Climate can affect seborrheic dermatitis, but there is a lack of consensus about which climates tend to exacerbate seborrheic dermatitis the most. Some studies show low humidity and low temperature are responsible for high frequency of seborrheic dermatitis. Others suggest hot environments may also worsen seborrhoeic dermatitis. Yet another described that high humidity and low UV exposure are culpable. Dry skin and an impaired skin barrier contribute to the condition. It is likely that climate and weather variations affect the water and lipid content of skin.
Seborrhoeic dermatitis is a complex condition with many interacting factors that are not yet fully explained. In general, the major factors that influence the development and severity include Malassezia yeast presents on and in the skin, skin production of oily sebum, and a subsequent inflammatory response against Malassezia and their byproducts. Additional factors involved in the condition are a compromised skin barrier, the makeup and amount of sebum produced, the character of the immune response and inflammation, and the presence of other microbes species inhabiting the skin. A suggested series of events leading to seborrhoeic dermatitis are initial damaged skin barrier and abnormal sebum production which leads to a change in the microbiome of the skin that in turn elicits an immune response. An alternative explanation is an increase in sebum production feeding an increase in the Malassezia population that instigates inflammation; the inflammation then causes cellular changes that damage the skin barrier. This barrier disruption then encourages additional Malassezia growth and inflammation and again worsened skin barrier function.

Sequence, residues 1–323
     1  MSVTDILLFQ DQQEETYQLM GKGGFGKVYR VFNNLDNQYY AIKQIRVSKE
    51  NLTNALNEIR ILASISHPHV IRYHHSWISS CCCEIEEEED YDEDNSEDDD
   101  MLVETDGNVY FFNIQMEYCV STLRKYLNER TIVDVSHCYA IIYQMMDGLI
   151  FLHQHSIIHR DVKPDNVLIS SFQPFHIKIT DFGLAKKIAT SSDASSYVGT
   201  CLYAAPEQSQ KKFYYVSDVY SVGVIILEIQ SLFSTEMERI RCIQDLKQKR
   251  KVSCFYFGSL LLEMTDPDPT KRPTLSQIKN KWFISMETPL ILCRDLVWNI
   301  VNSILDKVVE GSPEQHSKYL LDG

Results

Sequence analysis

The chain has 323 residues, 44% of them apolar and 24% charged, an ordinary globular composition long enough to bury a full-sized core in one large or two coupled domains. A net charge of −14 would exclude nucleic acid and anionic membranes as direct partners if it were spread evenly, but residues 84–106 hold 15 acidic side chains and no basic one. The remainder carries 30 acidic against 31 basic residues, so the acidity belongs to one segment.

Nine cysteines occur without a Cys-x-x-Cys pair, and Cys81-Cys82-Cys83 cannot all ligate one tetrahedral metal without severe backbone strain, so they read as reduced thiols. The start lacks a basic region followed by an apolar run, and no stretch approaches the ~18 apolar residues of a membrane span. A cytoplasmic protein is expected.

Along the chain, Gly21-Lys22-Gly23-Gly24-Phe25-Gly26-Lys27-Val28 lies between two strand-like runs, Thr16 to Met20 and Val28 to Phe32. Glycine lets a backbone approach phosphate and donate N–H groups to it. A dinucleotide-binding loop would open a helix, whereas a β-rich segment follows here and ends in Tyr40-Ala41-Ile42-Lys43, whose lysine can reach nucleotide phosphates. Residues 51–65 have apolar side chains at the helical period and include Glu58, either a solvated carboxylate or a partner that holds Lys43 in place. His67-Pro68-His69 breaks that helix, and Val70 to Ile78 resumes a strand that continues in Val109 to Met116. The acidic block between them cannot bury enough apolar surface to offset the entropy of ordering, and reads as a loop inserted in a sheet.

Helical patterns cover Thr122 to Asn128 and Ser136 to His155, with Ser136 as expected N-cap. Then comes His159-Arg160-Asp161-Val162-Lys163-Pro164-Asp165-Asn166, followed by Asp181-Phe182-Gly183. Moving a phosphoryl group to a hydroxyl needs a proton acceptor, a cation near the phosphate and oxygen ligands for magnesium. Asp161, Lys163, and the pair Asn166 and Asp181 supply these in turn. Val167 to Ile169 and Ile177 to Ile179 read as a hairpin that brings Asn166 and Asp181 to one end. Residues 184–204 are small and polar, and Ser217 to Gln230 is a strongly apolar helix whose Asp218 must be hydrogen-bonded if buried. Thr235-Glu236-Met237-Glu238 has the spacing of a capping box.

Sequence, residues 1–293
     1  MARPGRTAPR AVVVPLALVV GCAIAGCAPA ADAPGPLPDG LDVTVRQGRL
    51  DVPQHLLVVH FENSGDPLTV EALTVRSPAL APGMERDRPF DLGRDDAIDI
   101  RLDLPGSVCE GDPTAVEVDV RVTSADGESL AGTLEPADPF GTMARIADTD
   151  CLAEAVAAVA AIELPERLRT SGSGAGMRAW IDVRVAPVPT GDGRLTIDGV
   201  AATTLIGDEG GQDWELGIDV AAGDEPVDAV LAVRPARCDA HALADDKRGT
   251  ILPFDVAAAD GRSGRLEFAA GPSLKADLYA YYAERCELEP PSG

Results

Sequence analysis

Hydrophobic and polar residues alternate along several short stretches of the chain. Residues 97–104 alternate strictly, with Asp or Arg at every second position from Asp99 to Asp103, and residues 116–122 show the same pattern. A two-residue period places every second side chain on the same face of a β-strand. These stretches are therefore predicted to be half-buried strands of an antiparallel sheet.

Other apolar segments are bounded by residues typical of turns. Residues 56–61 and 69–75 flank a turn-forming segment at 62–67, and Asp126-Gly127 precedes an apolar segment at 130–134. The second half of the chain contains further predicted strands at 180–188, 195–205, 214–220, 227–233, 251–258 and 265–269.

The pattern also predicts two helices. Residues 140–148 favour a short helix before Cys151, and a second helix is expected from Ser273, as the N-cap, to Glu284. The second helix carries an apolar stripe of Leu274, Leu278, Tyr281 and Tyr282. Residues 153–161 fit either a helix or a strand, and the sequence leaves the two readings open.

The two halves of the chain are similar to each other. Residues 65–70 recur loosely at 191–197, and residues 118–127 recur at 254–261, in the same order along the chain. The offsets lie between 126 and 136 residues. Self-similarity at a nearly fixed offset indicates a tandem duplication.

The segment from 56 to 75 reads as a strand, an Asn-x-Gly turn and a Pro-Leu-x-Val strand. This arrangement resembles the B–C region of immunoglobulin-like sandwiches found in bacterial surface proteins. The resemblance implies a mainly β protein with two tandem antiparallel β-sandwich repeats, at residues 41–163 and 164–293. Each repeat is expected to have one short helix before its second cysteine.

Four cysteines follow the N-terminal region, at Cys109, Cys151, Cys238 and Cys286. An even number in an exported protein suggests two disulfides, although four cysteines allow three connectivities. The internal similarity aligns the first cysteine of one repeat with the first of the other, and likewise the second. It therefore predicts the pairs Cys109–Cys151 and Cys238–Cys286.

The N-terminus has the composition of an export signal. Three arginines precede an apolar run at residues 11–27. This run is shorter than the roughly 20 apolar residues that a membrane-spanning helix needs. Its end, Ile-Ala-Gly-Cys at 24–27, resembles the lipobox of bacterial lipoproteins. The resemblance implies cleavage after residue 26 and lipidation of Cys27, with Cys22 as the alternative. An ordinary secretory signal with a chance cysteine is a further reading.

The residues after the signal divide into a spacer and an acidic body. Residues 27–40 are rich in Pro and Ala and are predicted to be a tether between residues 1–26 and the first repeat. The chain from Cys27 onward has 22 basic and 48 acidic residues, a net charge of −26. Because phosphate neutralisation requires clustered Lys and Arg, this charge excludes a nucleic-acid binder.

Typically, seborrhoeic dermatitis is a clinical diagnosis based off a physician's expertise in identifying and differentiating skin conditions based on the history of the individual and the appearance of the skin. However, seborrhoeic dermatitis may also be diagnosed with additional testing. The least invasive test is a visual inspection in the clinic using a Wood's Lamp. A KOH test can also be used, where skin scraping of the affected skin may also be taken and prepared with potassium hydroxide (KOH) and visualized under a microscope to look for Malassezia or other microbiological cell. Additionally, a fungal culture of the affected skin may be taken to attempt to grow and identify the causative organism.
Seborrhoeic dermatitis can look similar to other skin conditions that share its characteristic dry, flaky, scaly, and inflamed appearance but have different causes and treatments. Physicians use the history of the individual with the skin condition as well as other tests to identify which disorder is present. Other conditions that may be confused with seborrhoeic dermatitis based on appearance are listed below.